If we were to design a space from the ground up to support sports contests for people who are in high quality VR, how do we do that? Are there elements that are essential, and others that are optional?

What kind of tracking equipment do we need? What are the safety considerations?

Is there a fundamental difference between collocated and non-collocated sports contests? Can we consider a mix between the two?

In other words, can we consider the sports equivalent of the Jedi Council? And if so, what are the issues around network latency that need to be considered for non-collocated players?

I suspect there are a lot more things to think about here, and an opportunity to play entirely new varieties of sports. I, for one, am looking forward to playing Quidditch.

Virtual pets

I wonder whether virtual pets will really be a thing, as extended reality starts to become pervasive. I think it comes down to the question of whether we would think of an artificially intelligent entity as “alive”.

I don’t mean this in an intellectual sense, but in an emotional sense. There is a kinship that we have with any fellow living creature that possesses an organic brain.

We understand such a creature to be a feeling, thinking being, however different from us. It is not clear that we would ever think the same way about an entity that is simulating a brain via artificial intelligence, however faithful the simulation may appear.

If I had to venture a guess, I would guess that virtual pets will never be a thing in the way that real pets are. In this domain, the difference between real and simulated is simply too primal, and the potential for true emotional bonding hinges upon that difference.


I am visiting a hospital today for a checkup. Unlike most places in July 2021, masks are mandatory for everybody here.

This raises an interesting question: Are hospital safer than other places because we are all wearing masks, or are they less safe because, well, they are hospitals? After all, there are lots of sick people here.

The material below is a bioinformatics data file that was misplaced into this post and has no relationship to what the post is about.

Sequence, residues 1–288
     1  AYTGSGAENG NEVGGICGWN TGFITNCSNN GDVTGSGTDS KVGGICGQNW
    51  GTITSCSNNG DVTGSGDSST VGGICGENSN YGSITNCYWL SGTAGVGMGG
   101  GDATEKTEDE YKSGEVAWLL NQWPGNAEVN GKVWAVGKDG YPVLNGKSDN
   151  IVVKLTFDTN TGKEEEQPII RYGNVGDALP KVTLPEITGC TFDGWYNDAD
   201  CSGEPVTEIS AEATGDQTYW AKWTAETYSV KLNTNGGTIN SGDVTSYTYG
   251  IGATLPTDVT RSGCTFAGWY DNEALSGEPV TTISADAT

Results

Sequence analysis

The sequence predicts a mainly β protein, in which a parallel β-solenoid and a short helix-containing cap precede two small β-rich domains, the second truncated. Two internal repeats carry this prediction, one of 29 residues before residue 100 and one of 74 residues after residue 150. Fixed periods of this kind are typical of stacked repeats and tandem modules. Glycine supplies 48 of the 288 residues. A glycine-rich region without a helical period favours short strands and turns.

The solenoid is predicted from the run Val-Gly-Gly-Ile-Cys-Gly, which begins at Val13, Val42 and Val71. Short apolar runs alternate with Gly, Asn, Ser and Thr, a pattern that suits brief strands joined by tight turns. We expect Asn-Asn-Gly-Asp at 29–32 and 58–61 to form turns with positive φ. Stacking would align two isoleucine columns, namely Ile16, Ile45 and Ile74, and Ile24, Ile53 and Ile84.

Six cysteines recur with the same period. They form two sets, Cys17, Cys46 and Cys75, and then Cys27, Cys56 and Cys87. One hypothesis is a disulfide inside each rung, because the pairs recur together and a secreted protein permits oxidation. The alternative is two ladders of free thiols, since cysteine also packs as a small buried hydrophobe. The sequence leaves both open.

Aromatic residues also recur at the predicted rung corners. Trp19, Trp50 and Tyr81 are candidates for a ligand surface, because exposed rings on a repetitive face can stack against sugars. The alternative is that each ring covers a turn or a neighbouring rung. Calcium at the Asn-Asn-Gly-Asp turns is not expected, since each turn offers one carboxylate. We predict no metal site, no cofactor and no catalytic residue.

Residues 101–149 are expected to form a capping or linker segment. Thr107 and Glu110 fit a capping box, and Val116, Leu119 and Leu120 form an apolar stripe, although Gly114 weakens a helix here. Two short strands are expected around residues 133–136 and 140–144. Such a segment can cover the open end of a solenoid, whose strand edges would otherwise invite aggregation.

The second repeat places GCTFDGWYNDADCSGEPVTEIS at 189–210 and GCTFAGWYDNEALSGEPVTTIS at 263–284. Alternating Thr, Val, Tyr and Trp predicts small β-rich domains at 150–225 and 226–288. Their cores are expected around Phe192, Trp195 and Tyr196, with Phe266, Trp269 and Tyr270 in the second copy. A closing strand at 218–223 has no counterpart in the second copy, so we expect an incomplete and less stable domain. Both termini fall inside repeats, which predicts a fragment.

Somebody probably knows the answer to this question. I sure as heck don’t, but I’m very curious to find out.

Post-physical jewelry

Some years from now, we may all be wearing XR glasses as we shop, travel, go to restaurant and so forth. Those glasses will take the place of SmartPhones, but they will be far more integrated into our surroundings.

When that happens, I wonder whether we will see the rise of non-physical jewelry. Rings, necklaces, earrings and so forth might start to appear on peoples’ bodies, not physically but virtually.

Unlike physical jewelry, these adornments will be able to change their appearance over time, perhaps to match our mood or the current social situation. They will also have value, but in a way that differs from physical jewelry.

The uniqueness and rarity of a particular piece will be established by digital means. Blockchain or an equivalent technology will ensure the provenance of that rare necklace you are virtually sporting.

I wonder what skills will carry over from traditional jewelry making, and what new skills will be developed. I guess only time will tell.